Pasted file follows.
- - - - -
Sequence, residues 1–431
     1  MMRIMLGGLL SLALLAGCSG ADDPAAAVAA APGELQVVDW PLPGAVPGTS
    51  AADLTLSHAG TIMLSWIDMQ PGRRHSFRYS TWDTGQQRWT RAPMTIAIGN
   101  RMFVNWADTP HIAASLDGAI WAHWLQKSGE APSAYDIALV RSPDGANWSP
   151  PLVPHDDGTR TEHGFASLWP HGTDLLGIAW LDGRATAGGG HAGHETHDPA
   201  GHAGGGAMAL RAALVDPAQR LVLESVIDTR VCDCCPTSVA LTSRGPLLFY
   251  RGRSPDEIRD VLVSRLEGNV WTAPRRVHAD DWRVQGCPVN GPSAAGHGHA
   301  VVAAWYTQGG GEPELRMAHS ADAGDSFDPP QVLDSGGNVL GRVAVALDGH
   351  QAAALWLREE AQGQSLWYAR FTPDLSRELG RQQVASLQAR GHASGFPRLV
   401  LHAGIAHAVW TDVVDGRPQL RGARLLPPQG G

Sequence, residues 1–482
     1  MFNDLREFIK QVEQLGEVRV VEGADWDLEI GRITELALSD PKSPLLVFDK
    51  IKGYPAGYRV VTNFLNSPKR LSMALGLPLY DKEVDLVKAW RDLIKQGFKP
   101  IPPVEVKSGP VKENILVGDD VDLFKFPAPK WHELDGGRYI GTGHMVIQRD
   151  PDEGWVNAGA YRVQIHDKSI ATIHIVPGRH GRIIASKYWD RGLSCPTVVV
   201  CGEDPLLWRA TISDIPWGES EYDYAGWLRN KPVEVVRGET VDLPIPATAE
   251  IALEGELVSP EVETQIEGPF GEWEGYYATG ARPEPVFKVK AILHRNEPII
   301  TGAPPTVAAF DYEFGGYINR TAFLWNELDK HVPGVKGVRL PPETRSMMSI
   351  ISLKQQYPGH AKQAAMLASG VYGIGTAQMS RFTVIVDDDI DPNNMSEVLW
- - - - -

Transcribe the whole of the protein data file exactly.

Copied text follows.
Sequence, residues 1–431
     1  MMRIMLGGLL SLALLAGCSG ADDPAAAVAA APGELQVVDW PLPGAVPGTS
    51  AADLTLSHAG TIMLSWIDMQ PGRRHSFRYS TWDTGQQRWT RAPMTIAIGN
   101  RMFVNWADTP HIAASLDGAI WAHWLQKSGE APSAYDIALV RSPDGANWSP
   151  PLVPHDDGTR TEHGFASLWP HGTDLLGIAW LDGRATAGGG HAGHETHDPA
   201  GHAGGGAMAL RAALVDPAQR LVLESVIDTR VCDCCPTSVA LTSRGPLLFY
   251  RGRSPDEIRD VLVSRLEGNV WTAPRRVHAD DWRVQGCPVN GPSAAGHGHA
   301  VVAAWYTQGG GEPELRMAHS ADAGDSFDPP QVLDSGGNVL GRVAVALDGH
   351  QAAALWLREE AQGQSLWYAR FTPDLSRELG RQQVASLQAR GHASGFPRLV
   401  LHAGIAHAVW TDVVDGRPQL RGARLLPPQG G

Sequence, residues 1–482
     1  MFNDLREFIK QVEQLGEVRV VEGADWDLEI GRITELALSD PKSPLLVFDK
    51  IKGYPAGYRV VTNFLNSPKR LSMALGLPLY DKEVDLVKAW RDLIKQGFKP
   101  IPPVEVKSGP VKENILVGDD VDLFKFPAPK WHELDGGRYI GTGHMVIQRD
   151  PDEGWVNAGA YRVQIHDKSI ATIHIVPGRH GRIIASKYWD RGLSCPTVVV
   201  CGEDPLLWRA TISDIPWGES EYDYAGWLRN KPVEVVRGET VDLPIPATAE
   251  IALEGELVSP EVETQIEGPF GEWEGYYATG ARPEPVFKVK AILHRNEPII
   301  TGAPPTVAAF DYEFGGYINR TAFLWNELDK HVPGVKGVRL PPETRSMMSI
   351  ISLKQQYPGH AKQAAMLASG VYGIGTAQMS RFTVIVDDDI DPNNMSEVLW